Here today, gone today (updated)

I left my house yesterday at 1:32 p.m. I arrived home at 1:32 a.m.

I didn’t plan it that way.

Manager Buck Showalter suggests that we “sleep fast.” Well, it went quickly for me. I’m ready to get back in my car and make the hour-long drive to Nationals Park, where the clubhouse will have a different look.

Brad Bergesen is back. That shuttle must be getting old for him. And Blake Davis has reached the majors for the first time after being a fourth-round pick in 2006 out of Cal-State Fullerton and watching his career dip like one of Zach Britton’s fastballs.

Davis was a middle infield prospect who drew raves in spring training from former manager Dave Trembley. He was hurt late in camp - reporters glanced in the parking lot one day and saw him on crutches - and eventually came off the 40-man roster. He began last season at Double-A Bowie and hit .246 in 75 games at Triple-A Norfolk.

Davis wasn’t exactly beating down the door.

I honestly forget he was still in the organization until spotting him at the end of an intrasquad game this spring. He was gathering some equipment as I walked out of Ed Smith Stadium.

“Hey, isn’t that Blake Davis?”:

Yes, and I’ll be shaking his hand later this morning.

Davis and Ryan Adams made it to the majors this year before Brendan Harris and Nick Green. Show of hands if you predicted it.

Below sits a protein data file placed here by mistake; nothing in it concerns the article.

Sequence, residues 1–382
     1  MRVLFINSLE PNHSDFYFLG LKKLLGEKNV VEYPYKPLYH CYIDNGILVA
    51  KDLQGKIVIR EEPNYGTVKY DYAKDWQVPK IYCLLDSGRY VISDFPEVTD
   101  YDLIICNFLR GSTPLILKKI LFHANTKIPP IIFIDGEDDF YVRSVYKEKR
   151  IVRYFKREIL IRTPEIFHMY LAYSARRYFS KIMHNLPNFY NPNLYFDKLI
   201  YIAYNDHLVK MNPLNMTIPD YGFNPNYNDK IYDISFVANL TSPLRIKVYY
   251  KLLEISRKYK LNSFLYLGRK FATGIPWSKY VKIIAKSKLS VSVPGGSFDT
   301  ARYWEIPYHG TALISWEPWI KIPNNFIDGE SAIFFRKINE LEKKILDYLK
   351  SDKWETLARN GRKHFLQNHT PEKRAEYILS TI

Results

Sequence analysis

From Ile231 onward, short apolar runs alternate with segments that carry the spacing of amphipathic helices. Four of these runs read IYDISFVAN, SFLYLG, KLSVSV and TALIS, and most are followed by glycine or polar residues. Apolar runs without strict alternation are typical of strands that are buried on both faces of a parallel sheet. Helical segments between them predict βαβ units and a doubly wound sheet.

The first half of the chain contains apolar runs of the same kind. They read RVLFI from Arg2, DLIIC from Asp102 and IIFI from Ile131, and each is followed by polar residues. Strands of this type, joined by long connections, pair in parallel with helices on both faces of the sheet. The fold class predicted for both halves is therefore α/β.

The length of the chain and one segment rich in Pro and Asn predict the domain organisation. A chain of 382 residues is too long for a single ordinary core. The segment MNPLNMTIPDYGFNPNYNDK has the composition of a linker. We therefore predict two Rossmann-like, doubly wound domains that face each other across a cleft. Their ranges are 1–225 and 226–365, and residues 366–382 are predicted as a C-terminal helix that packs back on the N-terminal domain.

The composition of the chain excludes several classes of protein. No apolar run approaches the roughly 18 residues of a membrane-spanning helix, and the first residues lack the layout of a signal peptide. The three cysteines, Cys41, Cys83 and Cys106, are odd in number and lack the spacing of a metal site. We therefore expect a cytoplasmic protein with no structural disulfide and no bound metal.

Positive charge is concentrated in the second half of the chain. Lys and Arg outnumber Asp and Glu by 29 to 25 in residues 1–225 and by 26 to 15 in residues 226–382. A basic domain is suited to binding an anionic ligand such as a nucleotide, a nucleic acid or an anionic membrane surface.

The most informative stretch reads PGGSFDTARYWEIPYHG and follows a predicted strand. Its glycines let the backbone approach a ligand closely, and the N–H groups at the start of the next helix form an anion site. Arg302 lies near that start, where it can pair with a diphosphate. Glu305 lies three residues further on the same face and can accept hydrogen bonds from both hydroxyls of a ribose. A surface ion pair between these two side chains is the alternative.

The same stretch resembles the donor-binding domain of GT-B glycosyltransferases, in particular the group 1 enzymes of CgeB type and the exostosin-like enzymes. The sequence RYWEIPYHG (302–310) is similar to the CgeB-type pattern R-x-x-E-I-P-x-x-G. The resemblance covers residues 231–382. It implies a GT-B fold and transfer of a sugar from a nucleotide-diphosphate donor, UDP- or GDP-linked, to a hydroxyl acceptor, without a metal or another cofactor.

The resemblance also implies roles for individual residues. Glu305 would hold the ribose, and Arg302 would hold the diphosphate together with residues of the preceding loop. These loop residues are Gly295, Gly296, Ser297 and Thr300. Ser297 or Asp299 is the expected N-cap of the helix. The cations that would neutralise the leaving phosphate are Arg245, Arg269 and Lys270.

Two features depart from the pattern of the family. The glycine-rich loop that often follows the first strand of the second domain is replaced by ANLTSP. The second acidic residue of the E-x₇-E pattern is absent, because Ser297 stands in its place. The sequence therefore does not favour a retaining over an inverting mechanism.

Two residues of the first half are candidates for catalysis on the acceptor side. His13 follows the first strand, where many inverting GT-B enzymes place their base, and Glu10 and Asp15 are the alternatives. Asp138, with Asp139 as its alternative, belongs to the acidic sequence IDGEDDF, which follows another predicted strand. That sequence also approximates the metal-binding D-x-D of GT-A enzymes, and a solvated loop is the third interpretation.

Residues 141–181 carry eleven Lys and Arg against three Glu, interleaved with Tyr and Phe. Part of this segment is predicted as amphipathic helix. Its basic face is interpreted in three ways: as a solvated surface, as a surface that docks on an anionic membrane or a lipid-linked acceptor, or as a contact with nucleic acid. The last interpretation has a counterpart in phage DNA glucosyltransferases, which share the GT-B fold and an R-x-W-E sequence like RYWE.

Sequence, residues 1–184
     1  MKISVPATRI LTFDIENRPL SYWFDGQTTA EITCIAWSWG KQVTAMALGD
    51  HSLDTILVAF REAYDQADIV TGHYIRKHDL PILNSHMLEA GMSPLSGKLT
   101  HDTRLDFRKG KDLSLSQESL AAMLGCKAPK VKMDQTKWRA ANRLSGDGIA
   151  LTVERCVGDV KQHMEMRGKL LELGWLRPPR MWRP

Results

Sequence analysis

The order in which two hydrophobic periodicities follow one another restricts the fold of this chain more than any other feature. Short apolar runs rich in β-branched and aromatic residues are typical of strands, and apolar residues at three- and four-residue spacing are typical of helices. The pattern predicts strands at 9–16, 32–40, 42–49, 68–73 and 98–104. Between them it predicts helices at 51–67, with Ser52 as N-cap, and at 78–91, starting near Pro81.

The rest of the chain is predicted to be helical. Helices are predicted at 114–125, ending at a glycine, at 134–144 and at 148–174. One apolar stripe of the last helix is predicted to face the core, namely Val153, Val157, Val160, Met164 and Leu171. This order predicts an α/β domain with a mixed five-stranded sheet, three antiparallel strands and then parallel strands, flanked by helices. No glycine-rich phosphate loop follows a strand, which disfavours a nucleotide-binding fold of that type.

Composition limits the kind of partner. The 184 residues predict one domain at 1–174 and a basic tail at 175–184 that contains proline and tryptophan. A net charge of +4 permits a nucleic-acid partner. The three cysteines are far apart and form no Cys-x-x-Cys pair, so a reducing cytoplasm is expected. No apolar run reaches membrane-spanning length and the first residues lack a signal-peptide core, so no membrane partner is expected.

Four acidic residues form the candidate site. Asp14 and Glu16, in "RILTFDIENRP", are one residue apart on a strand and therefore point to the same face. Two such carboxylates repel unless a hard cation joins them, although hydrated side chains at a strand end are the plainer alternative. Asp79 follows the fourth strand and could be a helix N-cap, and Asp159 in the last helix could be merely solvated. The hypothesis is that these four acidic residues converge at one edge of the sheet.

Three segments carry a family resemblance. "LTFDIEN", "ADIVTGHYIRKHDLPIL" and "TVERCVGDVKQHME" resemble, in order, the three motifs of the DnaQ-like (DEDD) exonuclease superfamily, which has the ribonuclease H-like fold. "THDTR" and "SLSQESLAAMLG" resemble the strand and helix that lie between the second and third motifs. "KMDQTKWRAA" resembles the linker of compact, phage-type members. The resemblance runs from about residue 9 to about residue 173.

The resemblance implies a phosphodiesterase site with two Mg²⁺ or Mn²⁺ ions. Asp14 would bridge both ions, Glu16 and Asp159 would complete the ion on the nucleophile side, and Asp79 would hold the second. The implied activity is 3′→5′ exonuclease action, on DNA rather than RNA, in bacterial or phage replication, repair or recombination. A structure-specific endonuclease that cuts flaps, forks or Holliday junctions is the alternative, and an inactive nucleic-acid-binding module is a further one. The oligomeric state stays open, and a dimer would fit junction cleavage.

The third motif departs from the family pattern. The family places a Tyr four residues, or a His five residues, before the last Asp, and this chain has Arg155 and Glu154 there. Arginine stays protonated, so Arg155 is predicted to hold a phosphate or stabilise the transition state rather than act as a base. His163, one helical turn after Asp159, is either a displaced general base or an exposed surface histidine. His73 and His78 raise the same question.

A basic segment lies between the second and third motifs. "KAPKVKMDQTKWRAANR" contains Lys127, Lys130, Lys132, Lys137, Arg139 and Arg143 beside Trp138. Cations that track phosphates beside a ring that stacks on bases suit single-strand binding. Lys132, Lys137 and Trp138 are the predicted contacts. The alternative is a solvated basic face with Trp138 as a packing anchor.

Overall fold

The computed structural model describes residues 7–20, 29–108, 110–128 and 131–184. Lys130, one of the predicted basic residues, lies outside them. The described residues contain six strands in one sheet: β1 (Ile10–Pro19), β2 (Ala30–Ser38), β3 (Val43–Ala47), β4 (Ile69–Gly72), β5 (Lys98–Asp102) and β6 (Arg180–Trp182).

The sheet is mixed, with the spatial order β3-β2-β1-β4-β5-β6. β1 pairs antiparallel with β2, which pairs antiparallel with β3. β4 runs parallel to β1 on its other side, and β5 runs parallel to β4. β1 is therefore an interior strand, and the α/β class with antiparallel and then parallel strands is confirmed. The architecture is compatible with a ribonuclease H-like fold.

Adams gets to play every day for the Tides. Good for him. Sitting on the Orioles’ bench was a waste.

Jeremy Accardo is the latest Orioles reliever to disappear before a full season passed. It’s become quite a list. I’m instantly reminded of Jim Brower and Mike DeJean and Steve Reed - and that’s just off the top of my exhausted head.

Third baseman Mark Reynolds has got to be a major concern to Showalter, even if it doesn’t show in postgame interviews. Reynolds committed his 15th error last night, and it was a biggie. Derrek Lee scooped out a throw to spare him another one toward the end of the game, on a routine play. And shortstop J.J. Hardy was charged with his first error on a pop up in foul territory that Reynolds overran.

Showalter asked reporters afterward whether Hardy was given the error. Reading between the lines, it was obvious that he thought Reynolds deserved it.

And finally, the last time that three Orioles collected at least four hits in a game that they lost was July 22, 2006. Corey Patterson had five hits, and Miguel Tejada and Brian Roberts each had four in a 13-12 loss to Tampa Bay.

Time to hit the road again. I miss D.C. It’s been hours.

Update: Nick Markakis and Adam Jones both recorded four hits last night, but neither player scored a run or had an RBI. According to ESPN Stats and Information, since the RBI became an official stat in 1920, only one other team has had two players do that in the same game: the 1984 California Angels, who had Rod Carew and Fred Lynn both go 4-for-5 with 0 runs and 0 RBIs in a 2-1 loss to Oakland on April 13.

The Orioles had three players (Markakis, Jones, Lee) record at least four hits, and yet none of them managed to drive in a run. Since the RBI became an official stat in 1920, they are the first team to ever have three players with 4 or more hits and no RBIs in the same game.

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